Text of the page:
Human Parvovirus B19 Infection: Its Role in Acute Arthropathies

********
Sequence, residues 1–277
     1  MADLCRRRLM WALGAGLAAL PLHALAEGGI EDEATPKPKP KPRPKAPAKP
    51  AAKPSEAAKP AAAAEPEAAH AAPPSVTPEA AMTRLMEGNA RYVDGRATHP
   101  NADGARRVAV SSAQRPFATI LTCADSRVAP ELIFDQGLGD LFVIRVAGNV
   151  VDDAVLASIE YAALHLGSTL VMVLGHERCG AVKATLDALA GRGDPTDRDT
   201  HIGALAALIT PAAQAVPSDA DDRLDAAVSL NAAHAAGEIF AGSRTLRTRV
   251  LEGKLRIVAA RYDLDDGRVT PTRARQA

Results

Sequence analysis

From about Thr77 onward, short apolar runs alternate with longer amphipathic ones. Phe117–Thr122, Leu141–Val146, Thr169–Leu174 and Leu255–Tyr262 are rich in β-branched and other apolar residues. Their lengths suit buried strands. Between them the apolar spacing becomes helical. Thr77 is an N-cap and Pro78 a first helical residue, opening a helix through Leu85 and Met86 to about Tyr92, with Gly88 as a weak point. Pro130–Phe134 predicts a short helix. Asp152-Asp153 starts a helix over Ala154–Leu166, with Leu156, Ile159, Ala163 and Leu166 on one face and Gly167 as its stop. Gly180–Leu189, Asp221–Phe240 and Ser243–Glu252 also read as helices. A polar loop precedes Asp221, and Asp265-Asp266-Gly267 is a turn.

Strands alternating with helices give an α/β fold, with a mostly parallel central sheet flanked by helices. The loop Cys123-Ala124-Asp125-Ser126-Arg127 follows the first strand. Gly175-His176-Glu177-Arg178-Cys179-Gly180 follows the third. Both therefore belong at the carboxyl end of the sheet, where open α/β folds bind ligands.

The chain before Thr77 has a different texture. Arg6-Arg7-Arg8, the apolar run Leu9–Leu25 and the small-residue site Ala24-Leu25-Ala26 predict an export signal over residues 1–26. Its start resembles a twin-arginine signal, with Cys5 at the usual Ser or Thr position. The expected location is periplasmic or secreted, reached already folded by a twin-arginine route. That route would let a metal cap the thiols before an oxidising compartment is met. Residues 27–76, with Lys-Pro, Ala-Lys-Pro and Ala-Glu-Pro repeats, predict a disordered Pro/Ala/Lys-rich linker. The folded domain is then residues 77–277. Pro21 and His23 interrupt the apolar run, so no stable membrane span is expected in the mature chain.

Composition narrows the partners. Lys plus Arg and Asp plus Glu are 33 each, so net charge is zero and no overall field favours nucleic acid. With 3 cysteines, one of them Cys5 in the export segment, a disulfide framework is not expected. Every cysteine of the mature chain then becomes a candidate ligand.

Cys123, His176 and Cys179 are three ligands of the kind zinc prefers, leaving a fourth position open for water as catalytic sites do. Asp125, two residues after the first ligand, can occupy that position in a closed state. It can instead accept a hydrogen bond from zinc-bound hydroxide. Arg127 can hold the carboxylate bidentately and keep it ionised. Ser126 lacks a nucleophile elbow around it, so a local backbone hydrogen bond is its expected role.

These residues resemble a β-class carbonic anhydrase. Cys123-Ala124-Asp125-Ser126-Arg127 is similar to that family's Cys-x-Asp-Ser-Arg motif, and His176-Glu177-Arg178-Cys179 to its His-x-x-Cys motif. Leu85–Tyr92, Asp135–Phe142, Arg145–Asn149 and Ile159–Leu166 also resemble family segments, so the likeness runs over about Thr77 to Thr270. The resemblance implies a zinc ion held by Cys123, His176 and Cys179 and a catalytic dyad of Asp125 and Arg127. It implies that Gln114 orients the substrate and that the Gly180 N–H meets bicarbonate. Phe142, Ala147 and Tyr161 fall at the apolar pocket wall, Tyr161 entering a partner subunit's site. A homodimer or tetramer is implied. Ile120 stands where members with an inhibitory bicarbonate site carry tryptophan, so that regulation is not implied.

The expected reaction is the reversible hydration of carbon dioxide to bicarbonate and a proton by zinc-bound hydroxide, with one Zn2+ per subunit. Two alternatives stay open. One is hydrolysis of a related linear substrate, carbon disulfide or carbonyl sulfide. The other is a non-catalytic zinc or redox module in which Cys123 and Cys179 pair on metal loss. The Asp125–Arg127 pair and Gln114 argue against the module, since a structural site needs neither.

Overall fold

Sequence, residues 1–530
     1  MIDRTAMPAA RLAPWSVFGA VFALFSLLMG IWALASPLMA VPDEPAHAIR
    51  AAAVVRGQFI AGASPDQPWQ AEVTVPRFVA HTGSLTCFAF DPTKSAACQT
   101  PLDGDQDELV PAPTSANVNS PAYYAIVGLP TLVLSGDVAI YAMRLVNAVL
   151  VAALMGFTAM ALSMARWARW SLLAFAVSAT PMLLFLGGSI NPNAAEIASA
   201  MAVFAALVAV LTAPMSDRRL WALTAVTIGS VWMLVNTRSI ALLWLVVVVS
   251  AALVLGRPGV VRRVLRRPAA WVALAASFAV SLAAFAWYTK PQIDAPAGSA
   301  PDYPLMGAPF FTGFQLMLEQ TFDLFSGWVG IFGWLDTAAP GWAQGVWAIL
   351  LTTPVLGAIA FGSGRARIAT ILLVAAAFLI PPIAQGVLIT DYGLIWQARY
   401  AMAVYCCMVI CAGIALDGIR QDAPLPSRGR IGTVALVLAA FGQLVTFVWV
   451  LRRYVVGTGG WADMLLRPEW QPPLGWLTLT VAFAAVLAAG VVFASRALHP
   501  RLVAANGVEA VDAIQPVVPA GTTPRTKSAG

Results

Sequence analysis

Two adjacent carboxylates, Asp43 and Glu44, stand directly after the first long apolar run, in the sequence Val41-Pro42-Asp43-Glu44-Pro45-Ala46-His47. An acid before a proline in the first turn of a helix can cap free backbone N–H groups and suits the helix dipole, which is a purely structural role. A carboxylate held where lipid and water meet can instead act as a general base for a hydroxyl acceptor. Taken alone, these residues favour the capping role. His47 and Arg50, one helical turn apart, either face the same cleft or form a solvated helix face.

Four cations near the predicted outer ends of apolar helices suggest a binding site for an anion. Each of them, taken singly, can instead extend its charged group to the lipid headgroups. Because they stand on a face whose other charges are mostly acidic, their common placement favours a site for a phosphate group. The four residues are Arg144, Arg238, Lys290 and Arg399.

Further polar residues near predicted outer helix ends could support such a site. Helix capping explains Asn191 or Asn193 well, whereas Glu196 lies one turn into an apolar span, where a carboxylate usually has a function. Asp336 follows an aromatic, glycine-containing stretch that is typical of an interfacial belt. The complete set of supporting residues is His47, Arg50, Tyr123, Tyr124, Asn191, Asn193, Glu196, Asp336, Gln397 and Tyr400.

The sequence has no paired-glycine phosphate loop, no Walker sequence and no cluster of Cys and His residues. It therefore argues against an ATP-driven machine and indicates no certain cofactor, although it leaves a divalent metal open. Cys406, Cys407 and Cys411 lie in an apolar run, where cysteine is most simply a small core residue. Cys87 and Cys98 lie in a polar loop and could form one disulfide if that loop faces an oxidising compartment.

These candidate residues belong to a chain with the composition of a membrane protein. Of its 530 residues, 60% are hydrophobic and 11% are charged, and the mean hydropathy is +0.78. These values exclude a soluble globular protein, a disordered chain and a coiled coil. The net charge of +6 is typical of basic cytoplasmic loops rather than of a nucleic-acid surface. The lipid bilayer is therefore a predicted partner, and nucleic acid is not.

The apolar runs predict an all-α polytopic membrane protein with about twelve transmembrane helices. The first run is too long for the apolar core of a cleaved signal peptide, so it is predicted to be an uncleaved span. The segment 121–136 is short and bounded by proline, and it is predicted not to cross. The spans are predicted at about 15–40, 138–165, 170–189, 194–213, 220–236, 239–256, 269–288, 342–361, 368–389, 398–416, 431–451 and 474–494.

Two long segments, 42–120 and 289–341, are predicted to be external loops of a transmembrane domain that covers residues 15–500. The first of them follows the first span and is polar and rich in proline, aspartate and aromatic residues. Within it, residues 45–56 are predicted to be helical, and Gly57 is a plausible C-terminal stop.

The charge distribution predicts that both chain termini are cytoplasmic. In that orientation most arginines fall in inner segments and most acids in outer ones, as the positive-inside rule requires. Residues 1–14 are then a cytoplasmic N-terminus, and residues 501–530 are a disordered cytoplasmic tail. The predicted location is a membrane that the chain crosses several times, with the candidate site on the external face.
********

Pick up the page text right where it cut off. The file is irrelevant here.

This study was undertaken to examine the natural history of parvovirus B19 infection in persons without a known immune defect in terms of both clinical symptoms and immune responsiveness to the virus. Fifty-three patients with acute B19 infection (positive for serum anti-B19 IgM) were studied; symptoms at acute infection were rash and arthralgia (n = 26), rash (n = 7), arthralgia (n = 16), aplastic crisis (n = 3), and intrauterine fetal death (n = 1). Patients were followed for 26-85 months (mean 57 months) and reassessed for persistent symptoms, anti-B19 antibodies, and antibodies to the unique region of B19 VP1. There were 23 cases of arthralgia persisting for longer than 1 year after acute infection. One of these patients, a 48-year-old woman at follow-up, had had persistent arthralgia for 4 years following acute B19 infection, had rheumatoid factor at a titre of 1920 IU/ml detected at follow-up, and had been independently diagnosed as having rheumatoid arthritis at the time of follow-up. All 53 patients were positive for serum anti-B19 IgG compared to 45 of 53 age- and sex-matched control patients, a significant difference (two-tailed P value = 0.008). All test patients at follow-up and control patients were negative for serum anti-B19 IgM and antibodies to the unique region of B19 VP1. Serum from acute infection from 33 of 53 test patients was tested for antibodies to the unique region of VP1, and 16 of these were positive. The presence of this antibody did not correlate with subsequent duration of symptoms but did correlate with a short interval between symptom onset and blood sampling. The unique region of B19 VP1 is known to be crucial for a successful humoral response to the virus, and it seems that the antigenic role played by this region is important only during the acute phase of B19 infection.